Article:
• You write automated integration tests that need some non-trivial test environment setup. Than you want to test against one canonical test environment, since the developers may have their environment modified in various ways due to the development changes. The CI is most suitable place for the canonical environment.
  • Testers can just pull the latest build from CI. Thus they neither need to have, learn and use the development tools nor has any developer have to send them their build manually.
  • When you are preparing for release:
    • Testing becomes more important, so having one place with prepared builds for test is even more useful.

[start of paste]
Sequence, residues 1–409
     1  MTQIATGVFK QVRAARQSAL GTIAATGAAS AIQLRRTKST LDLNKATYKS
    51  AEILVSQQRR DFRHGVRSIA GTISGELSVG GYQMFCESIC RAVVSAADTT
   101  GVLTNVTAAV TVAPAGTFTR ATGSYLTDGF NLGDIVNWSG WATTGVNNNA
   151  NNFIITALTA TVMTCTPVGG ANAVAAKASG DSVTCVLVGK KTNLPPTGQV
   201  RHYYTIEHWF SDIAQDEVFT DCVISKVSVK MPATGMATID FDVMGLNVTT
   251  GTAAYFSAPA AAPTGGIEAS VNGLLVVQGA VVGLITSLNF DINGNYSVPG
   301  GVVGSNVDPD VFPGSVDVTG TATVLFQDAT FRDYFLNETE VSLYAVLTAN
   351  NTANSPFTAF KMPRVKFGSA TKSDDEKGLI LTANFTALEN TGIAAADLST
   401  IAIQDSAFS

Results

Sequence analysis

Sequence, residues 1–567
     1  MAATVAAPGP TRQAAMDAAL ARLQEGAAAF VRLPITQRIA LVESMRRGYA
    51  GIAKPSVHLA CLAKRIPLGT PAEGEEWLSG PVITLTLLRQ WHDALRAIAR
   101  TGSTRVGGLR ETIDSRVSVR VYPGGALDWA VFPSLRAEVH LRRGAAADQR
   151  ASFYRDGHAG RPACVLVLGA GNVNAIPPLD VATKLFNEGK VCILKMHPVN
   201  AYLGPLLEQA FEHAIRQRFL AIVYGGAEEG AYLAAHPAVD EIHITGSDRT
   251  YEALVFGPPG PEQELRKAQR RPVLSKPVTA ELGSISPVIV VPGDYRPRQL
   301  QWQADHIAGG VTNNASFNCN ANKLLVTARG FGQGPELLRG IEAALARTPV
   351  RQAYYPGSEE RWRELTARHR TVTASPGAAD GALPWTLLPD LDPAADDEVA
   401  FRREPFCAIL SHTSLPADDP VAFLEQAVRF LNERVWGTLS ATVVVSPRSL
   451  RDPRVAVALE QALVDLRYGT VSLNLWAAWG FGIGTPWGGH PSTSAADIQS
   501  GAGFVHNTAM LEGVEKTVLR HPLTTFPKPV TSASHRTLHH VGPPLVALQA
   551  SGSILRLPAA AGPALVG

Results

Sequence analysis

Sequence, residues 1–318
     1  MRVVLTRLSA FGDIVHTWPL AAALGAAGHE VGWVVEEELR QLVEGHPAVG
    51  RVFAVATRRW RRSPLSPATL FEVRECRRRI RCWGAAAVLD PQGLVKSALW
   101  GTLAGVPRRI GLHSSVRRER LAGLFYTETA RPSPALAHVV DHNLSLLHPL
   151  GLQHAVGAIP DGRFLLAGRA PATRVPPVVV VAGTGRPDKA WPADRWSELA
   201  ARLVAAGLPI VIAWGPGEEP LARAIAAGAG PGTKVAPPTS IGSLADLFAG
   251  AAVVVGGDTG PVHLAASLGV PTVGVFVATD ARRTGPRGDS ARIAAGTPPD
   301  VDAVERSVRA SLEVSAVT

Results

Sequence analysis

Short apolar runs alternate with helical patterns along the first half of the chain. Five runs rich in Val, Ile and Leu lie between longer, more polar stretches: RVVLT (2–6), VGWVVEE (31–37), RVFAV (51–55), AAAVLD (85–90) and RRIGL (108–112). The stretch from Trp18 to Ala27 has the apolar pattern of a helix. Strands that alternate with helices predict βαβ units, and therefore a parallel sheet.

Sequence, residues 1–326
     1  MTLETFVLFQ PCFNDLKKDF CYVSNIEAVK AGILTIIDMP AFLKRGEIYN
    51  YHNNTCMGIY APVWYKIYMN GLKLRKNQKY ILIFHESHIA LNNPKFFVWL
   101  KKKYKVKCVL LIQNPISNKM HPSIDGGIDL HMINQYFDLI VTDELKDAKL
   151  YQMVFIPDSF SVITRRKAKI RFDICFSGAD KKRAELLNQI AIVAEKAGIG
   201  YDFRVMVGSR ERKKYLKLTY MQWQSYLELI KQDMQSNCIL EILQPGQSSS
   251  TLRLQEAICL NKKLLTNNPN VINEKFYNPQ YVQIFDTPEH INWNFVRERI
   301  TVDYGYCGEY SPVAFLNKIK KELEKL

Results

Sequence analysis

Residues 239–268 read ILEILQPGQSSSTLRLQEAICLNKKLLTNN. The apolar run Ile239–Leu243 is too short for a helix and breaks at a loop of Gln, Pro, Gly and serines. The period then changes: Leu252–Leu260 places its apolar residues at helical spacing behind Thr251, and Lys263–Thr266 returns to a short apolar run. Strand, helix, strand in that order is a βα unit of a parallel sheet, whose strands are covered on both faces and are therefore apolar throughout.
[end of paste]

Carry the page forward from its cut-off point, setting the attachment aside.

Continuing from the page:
• You are certain that all builds are built with the same build environment, so you avoid problems that may be introduced by subtle differences between developer installations.
    • You are certain that you are building exactly what is checked in the version control system. During development if somebody forgets to check something in, you'll find quite quickly, because it will fail for the next developer. But if such build slipped to QA or production and they report a bug, it would get very hard to trace.

You probably don't need CI just yet, but I think it will become useful when you get to the testing phase. Jenkins is set up in few hours and it will simplify your testing and help avoid silly mistakes (that happen especially when you hurry a quick fix to production).